Anyone addicted to hard drugs would be treated as sick, like alcoholics; and those in possession of cannabis were to be ignored. Amsterdam today has many needle exchanges around the city and help centre's for anyone addicted to drugs. Drug addicts are not looked down on but are helped if they want help.

The first coffeeshops did not have an easy time of it and were. They were constantly raided and closed but they just kept opening up again and again.

Some debate surrounds who opened the very first coffeeshop but without dough the most famous was certainly The Bulldog which opened in 1975 by a guy called Henk de Vries who who's family ran several brothels in the Red Light district. He now has several coffeeshops as well as a hotel and other tourist related businesses.

In 1976 with coffeeshops springing up all over the place the government took the first steps to decriminalise cannabis. The law was changed so that the possession of cannabis for personal use was no longer a criminal offence.

1976 to 1980 saw an ever increasing number of coffeeshops and from 1980 Dutch people started to except them (Initially, most Dutch people disapproved) but over the years a policy of "tolerance' A Dutch Thing, they tolerate everything instead of banning.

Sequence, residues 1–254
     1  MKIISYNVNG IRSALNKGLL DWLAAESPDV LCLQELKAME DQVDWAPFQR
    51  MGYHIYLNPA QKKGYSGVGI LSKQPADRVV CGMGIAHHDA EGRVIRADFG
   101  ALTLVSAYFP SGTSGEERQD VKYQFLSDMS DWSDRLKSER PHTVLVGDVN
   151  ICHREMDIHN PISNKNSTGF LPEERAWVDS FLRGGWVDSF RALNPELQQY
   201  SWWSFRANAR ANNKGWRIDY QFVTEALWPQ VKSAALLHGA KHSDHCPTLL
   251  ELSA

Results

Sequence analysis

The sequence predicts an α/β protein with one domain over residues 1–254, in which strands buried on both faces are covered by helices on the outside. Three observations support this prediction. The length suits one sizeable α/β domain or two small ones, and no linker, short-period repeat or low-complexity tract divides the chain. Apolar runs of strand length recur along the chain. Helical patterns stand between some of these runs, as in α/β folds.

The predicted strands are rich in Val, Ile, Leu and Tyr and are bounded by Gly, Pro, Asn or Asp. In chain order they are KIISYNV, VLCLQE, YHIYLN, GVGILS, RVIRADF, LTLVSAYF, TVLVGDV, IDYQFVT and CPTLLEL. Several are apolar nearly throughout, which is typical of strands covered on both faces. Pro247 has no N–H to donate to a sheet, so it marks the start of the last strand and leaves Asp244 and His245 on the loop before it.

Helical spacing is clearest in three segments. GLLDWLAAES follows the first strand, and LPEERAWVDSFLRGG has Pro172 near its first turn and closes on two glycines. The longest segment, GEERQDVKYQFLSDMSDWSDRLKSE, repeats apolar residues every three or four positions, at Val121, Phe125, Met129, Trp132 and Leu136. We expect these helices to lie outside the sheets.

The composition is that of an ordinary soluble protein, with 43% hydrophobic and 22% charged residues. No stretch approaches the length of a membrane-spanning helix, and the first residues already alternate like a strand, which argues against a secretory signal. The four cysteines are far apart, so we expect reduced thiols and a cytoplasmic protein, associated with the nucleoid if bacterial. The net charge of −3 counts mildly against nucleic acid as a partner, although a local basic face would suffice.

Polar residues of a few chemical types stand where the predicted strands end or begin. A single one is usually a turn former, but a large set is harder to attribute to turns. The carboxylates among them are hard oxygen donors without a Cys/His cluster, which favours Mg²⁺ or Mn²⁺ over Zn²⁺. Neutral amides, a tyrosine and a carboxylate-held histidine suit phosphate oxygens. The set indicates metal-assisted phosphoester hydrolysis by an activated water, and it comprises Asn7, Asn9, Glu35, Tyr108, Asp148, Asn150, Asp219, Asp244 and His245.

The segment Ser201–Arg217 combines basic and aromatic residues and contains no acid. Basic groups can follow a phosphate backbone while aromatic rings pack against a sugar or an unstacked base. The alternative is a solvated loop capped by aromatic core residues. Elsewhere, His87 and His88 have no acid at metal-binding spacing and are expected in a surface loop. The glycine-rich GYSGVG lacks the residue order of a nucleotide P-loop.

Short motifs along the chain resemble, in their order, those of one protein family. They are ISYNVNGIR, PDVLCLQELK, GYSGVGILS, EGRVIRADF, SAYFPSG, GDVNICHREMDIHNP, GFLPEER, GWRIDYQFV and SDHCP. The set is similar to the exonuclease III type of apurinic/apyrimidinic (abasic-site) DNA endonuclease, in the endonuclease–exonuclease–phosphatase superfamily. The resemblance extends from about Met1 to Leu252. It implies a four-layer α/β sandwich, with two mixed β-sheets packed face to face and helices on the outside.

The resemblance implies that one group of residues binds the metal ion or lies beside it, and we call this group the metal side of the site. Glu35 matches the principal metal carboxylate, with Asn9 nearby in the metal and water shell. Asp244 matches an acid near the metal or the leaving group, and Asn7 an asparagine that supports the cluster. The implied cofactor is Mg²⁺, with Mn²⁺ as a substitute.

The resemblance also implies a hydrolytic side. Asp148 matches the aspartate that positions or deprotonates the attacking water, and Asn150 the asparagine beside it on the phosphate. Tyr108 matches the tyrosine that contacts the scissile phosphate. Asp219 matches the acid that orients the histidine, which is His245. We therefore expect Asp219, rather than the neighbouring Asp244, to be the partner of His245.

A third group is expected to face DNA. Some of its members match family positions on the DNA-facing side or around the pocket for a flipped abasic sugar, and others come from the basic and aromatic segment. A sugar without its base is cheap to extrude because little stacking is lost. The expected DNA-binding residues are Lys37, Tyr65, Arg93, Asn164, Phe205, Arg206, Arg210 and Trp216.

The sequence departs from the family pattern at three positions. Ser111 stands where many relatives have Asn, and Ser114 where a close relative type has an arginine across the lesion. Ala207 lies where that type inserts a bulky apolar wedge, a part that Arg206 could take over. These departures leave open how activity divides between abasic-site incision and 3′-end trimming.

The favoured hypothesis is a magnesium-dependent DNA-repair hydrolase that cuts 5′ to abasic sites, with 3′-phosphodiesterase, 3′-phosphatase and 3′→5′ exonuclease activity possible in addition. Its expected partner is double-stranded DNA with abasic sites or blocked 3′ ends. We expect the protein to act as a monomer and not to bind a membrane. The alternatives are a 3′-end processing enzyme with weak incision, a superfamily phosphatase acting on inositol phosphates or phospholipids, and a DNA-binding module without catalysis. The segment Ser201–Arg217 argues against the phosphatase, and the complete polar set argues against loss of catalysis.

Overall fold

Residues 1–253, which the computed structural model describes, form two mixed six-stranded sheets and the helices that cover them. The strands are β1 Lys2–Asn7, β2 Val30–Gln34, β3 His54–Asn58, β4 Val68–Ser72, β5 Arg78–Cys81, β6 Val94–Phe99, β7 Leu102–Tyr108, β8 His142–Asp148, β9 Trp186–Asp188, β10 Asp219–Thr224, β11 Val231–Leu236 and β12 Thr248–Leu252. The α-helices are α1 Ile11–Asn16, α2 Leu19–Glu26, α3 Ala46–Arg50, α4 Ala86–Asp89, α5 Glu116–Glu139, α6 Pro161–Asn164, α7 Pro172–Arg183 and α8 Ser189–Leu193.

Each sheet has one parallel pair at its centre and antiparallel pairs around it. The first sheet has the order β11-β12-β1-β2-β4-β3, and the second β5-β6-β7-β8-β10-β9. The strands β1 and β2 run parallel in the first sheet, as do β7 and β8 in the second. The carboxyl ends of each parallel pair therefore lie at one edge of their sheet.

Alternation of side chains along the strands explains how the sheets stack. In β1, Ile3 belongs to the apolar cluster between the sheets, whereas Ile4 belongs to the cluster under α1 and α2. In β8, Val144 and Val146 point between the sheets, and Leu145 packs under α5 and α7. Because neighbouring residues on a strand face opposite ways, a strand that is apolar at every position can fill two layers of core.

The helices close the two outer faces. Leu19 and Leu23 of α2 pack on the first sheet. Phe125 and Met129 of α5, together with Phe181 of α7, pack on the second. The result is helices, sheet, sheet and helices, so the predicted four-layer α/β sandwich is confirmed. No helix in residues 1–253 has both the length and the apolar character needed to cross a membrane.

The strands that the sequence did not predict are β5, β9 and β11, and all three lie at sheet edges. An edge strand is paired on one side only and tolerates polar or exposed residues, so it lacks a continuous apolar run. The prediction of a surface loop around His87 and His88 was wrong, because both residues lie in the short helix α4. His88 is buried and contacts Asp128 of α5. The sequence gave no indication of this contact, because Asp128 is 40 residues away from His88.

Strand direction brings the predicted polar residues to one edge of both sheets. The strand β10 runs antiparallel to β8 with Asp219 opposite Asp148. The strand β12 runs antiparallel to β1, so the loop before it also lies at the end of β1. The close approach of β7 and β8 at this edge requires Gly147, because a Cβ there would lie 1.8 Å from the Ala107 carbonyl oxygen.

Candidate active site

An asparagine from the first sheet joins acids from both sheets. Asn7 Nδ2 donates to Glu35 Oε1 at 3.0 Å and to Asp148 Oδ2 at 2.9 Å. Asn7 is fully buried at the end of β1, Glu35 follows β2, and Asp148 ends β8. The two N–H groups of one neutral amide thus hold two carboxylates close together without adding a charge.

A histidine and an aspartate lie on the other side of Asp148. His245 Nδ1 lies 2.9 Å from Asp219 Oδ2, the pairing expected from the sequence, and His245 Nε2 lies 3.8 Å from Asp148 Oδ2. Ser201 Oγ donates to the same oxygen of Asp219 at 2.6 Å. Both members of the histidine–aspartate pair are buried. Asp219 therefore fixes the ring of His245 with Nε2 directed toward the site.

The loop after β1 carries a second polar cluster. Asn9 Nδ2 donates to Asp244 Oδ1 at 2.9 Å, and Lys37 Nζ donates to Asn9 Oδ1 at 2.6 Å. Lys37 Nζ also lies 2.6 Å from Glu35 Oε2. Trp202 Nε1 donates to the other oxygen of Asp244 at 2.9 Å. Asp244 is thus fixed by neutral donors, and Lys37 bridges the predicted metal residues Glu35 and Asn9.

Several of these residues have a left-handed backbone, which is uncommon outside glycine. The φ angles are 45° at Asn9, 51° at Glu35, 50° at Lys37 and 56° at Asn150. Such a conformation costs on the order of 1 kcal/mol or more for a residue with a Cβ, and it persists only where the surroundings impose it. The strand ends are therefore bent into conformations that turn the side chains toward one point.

By 1995 Amsterdam had over 700 coffeeshops and and with some selling hard drugs and huge international pressure from Germany, France, Belgium and other neighboring countries they decided that drastic action was required.

Meantime the more clever and better organised coffeeshops started to organise themselves a union called the BCD (Bond van Cannabis Detaillisten). After long talks between the city council and themselves an agreement was reached.

It was decided that the number of coffeeshops would be halved and the remaining ones would